WHAT WE DO
Preventing Violent Conflict and Sustaining Peace

  • USIP works to prevent, reduce, and resolve violent conflict around the world. The Institute applies practical solutions directly in conflict zones and provides analysis, education, and resources to those working for peace.
  • USIP’s specialized teams—facilitators, mediators, trainers, and others—work in some of the world’s most dangerous places, including Afghanistan, Iraq, Nigeria, and Syria.
  • USIP’s initiatives are cost-effective and equip countries and their people to manage and resolve conflict and reduce the need for U.S. engagement abroad.

HOW WE DO IT
Cost-Effective Contributions to National Security

  • While ISIS seized much of Iraq in 2014, one region, Mahmoudiya, rebuffed ISIS. Why? The local tribes are committed to a decade-old agreement signed with USIP mediation. In hotspots like Tikrit, Yathrib, Hawija, Tal Afar, and the Nineveh Plains, USIP is supporting stabilization of ISIS-cleared areas through reconciliation dialogues that produced six agreements, with the Nineveh processes still ongoing.
  • In Tunisia, USIP and its partner network brokered a peace agreement between Islamist and secular student unions at the University of Manouba to end violent clashes. In flashpoint cities, the USIP-supported dialogue led by Alliance of Tunisian Facilitators reduced tensions between police and street vendors, activists, and journalists.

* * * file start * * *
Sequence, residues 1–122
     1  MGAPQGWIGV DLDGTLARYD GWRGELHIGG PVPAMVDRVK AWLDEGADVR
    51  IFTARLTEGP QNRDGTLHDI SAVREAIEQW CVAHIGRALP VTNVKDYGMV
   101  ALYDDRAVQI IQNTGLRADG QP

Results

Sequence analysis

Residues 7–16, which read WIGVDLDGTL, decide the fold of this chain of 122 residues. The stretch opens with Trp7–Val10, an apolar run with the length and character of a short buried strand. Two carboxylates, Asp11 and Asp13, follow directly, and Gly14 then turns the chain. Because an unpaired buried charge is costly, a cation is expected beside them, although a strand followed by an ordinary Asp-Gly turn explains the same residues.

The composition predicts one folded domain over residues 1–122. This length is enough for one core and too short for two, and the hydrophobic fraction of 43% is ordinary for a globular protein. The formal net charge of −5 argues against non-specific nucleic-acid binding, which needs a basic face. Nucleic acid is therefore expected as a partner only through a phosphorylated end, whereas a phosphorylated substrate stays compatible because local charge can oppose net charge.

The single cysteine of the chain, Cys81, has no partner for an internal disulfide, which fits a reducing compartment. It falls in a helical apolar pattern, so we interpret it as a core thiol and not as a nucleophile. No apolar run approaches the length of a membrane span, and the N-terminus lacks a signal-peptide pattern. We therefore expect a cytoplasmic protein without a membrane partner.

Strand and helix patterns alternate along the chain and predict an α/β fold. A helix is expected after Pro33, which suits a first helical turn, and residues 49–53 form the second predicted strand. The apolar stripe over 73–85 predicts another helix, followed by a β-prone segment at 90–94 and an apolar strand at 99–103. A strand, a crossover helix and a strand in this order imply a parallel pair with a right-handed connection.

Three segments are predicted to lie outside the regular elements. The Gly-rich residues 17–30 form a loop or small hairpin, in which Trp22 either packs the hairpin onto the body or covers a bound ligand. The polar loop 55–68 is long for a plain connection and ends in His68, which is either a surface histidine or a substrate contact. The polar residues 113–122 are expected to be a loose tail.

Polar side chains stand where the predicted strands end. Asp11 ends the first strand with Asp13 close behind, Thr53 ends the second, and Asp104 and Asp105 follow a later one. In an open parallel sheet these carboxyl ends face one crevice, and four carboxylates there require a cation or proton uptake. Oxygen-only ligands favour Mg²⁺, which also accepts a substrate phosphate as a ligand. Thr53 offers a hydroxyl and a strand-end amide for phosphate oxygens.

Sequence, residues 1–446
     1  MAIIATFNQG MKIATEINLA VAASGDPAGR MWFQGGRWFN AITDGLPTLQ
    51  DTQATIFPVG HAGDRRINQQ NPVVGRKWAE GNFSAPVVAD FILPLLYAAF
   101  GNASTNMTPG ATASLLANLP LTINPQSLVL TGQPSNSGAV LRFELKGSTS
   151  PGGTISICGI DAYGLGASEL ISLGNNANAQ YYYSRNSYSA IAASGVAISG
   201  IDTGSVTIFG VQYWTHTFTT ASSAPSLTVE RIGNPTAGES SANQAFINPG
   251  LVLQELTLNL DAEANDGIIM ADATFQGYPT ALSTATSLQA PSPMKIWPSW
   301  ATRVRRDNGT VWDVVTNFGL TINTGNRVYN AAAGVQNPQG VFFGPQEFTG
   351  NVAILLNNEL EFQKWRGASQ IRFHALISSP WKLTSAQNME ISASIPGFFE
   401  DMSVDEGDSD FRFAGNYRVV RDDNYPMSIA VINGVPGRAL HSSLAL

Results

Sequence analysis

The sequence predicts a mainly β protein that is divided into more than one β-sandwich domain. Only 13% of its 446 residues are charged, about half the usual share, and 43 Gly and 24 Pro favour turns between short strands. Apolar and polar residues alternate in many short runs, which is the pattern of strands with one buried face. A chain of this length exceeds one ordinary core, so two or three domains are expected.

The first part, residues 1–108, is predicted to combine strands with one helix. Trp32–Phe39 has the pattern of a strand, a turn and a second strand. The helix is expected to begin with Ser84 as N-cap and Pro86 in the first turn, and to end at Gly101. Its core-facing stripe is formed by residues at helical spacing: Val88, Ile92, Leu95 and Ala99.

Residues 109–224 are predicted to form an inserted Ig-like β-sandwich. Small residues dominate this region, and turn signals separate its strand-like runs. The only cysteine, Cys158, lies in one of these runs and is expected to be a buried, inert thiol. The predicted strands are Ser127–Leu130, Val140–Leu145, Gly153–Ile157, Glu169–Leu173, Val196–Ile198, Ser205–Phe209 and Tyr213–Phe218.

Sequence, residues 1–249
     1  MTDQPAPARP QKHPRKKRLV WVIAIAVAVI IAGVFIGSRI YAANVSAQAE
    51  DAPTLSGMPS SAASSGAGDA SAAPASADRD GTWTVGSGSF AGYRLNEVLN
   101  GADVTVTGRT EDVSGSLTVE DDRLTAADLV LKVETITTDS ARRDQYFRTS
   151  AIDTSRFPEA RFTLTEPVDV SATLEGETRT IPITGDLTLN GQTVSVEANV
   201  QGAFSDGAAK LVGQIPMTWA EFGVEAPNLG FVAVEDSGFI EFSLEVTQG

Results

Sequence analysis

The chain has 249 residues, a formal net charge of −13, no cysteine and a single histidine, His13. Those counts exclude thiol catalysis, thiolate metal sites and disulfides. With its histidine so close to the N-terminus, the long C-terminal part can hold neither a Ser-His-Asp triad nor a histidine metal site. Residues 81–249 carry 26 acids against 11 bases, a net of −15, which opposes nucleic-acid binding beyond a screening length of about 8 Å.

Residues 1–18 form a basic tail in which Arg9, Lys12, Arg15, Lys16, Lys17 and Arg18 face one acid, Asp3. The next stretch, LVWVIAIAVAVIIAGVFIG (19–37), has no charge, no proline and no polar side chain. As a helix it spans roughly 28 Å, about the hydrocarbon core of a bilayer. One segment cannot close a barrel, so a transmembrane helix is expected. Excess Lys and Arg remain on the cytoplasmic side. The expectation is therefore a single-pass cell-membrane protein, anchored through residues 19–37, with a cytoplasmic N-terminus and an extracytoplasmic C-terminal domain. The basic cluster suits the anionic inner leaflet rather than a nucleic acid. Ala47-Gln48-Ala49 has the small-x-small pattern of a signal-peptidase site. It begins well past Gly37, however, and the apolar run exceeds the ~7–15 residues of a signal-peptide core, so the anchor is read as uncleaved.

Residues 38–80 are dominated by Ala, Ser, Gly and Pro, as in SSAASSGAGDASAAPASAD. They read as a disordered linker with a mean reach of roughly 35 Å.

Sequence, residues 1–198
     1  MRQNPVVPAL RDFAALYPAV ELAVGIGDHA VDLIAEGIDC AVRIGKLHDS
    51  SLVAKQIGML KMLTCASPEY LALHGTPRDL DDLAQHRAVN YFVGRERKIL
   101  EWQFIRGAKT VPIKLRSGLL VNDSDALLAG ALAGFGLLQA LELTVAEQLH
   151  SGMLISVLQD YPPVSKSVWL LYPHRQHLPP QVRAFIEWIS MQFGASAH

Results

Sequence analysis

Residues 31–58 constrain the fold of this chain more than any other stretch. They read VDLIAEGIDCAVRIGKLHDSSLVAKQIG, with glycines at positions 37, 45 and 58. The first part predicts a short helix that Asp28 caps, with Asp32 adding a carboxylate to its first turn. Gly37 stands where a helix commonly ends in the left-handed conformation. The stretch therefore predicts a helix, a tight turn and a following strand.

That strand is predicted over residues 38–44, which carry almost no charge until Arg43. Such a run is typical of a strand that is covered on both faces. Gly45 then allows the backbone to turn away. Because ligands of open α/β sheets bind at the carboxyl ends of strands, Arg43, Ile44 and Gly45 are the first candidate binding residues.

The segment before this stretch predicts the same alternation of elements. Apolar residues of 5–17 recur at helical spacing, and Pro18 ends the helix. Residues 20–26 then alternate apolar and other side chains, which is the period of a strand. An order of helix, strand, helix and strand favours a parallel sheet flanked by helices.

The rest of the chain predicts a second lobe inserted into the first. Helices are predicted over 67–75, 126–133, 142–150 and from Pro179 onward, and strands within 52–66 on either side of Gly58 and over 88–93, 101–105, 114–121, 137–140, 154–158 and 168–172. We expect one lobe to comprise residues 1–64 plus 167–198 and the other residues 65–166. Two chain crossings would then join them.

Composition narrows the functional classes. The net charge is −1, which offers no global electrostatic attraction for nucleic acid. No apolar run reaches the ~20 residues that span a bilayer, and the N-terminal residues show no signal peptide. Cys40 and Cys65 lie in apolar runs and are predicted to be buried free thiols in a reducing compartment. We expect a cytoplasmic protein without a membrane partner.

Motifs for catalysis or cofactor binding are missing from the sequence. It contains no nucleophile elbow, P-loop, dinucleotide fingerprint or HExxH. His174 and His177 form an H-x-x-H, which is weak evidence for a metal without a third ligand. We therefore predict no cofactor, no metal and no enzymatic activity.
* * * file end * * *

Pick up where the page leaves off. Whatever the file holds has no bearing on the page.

• In February 2019, USIP’s congressionally commissioned Task Force on Extremism in Fragile States, co-chaired by Gov. Tom Kean and Rep. Lee Hamilton, released its report to Congress on preventing the underlying causes of extremism in fragile states.
  • With training, research, and other programs in the U.S. and abroad, USIP builds the capacity of the U.S. military, diplomatic, and development communities to combat extremism and stabilize war-torn countries. To date, the Institute has trained more than 65,000 professionals in the U.S. and abroad.

OUR STORY
Three Decades of Impact

  • President Ronald Reagan signed legislation creating the Institute in 1984.
  • The Institute was created by leaders in Congress who had lived through the devastation of war and hoped to prevent it in the future.
  • Congress appropriates the Institute’s funding—$38.6 million in 2019—to ensure that it remains nonpartisan and independent of outside influence.
  • The Institute has a bipartisan board of directors that by statute includes the secretary of defense, the secretary of state, and the president of the National Defense University.

USIP has been in Iraq since 2003, … training local people who could negotiate peace among the tribes and bring violence down... In 2007, in Mahmoudiya…, the ‘Triangle of Death,’ USIP negotiated an arrangement among the tribes … Violence went down dramatically. The U.S. military presence was able to reduce by 80 percent. It saved a lot of lives, it saved a lot of dollars, and that basic peace agreement among the tribes has held up for 10 years.

Chair, USIP Board of Directors

Latest Publications

What are the Prospects for Power-Sharing in the Afghan Peace Process?

What are the Prospects for Power-Sharing in the Afghan Peace Process?

Monday, September 16, 2019